Mechanical thrombo-prophylaxis

By | March 4, 2015

Mechanical thrombo-prophylaxis devices have the potential to reduce venous thrombo-embolism (VTE) events without the risk of precipitating haemorrhage. This is pertinent especially for patients undergoing elective/emergency surgery or in trauma patients.

MEHMET KURTOGLU Despite pharmacological prophylaxis, 50% of surgical patients with a Caprini score > 10 develop a VTE in the postoperative period. This suggests that anticoagulation alone may not be sufficient, especially in these high risk patients. Clinical studies demonstrate that the clot nidus starts to form during the time of surgery. If pharmacological prophylaxis is initiated in the postoperative period this may be suboptimal because high risk patients may have already developed a thrombus. Prophylactic doses of anticoagulants are usually not effective at treating established thrombosis. Therefore, VTE prophylaxis should start at the time of anaesthetic induction. However, pharmacological agents may not be appropriate at this time because of the associated risk of bleeding.

Mechanical modalities, like intermittent pneumatic compression (IPC) devices, have proven effectiveness in reducing VTE in trauma and high bleeding risk patients. They should be started in the beginning of the operation and then continued together with pharmacological prophylaxis in the postoperative period until full ambulation. Furthermore, there is strong evidence that application of IPCs to any limb, including the foot is sufficient for their prophylactic effect. This makes them suitable for almost any type of surgery. In high VTE risk patients for whom IPCs or pharmacological agents are not feasible, close surveillance with duplex ultrasound is safer than prophylaxis with temporary vena cava filters. This is because filters themselves can precipitate a DVT and there are several reported early and late complications associated with their insertion and retrieval.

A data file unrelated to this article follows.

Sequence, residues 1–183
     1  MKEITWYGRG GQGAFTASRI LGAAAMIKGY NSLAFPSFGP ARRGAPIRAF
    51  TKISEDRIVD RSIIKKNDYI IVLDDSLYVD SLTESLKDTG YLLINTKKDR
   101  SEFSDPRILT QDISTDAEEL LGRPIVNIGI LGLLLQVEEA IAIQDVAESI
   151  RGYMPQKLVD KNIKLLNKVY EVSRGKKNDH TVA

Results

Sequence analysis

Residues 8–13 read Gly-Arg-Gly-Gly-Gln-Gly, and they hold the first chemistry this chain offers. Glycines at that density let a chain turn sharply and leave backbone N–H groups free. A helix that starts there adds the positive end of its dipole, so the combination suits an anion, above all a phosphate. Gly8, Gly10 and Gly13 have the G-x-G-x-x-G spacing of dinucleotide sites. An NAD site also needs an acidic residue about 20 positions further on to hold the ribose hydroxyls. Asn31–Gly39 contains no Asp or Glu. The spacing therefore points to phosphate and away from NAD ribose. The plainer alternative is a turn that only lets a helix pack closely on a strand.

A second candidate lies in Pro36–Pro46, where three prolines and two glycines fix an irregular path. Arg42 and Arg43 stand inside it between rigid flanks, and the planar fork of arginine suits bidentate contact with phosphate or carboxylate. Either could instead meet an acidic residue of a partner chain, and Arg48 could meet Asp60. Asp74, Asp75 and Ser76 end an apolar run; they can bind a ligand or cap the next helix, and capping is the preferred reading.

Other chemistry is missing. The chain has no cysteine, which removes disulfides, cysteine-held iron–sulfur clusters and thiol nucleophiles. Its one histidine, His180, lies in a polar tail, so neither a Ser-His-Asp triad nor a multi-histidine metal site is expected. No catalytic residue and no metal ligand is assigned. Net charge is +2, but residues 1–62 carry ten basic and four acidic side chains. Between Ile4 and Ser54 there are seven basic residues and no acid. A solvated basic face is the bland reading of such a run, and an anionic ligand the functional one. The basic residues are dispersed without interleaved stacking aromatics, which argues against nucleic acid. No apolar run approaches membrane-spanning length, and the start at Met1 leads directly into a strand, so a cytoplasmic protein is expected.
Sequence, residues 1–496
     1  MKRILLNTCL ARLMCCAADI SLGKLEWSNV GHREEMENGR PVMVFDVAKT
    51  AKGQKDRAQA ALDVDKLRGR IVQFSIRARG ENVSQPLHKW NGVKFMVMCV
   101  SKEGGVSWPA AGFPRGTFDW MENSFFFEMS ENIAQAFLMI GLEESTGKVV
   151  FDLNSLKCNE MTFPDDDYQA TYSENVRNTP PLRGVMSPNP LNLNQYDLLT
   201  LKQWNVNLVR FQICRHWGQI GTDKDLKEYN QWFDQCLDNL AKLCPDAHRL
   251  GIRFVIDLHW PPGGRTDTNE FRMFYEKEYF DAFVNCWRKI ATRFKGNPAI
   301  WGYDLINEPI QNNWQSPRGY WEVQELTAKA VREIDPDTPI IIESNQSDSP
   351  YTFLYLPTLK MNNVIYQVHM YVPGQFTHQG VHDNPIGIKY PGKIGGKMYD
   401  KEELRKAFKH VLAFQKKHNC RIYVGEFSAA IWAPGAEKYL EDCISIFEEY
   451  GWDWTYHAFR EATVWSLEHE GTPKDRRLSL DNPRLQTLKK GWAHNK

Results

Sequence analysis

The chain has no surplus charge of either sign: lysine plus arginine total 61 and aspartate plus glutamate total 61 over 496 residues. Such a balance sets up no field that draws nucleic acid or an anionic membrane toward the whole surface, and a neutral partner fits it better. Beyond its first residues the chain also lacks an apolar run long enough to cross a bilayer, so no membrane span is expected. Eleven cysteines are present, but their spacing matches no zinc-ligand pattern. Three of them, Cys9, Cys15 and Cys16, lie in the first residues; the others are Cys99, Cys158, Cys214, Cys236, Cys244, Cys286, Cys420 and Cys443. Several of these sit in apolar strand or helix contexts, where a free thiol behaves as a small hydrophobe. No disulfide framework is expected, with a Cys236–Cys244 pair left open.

Combined pharmacological and mechanical prophylaxis should be utilized more frequently in surgical patients who have high risk for VTE.


An IPC device on the left foot below a compound fracture in a trauma patient with a high bleeding risk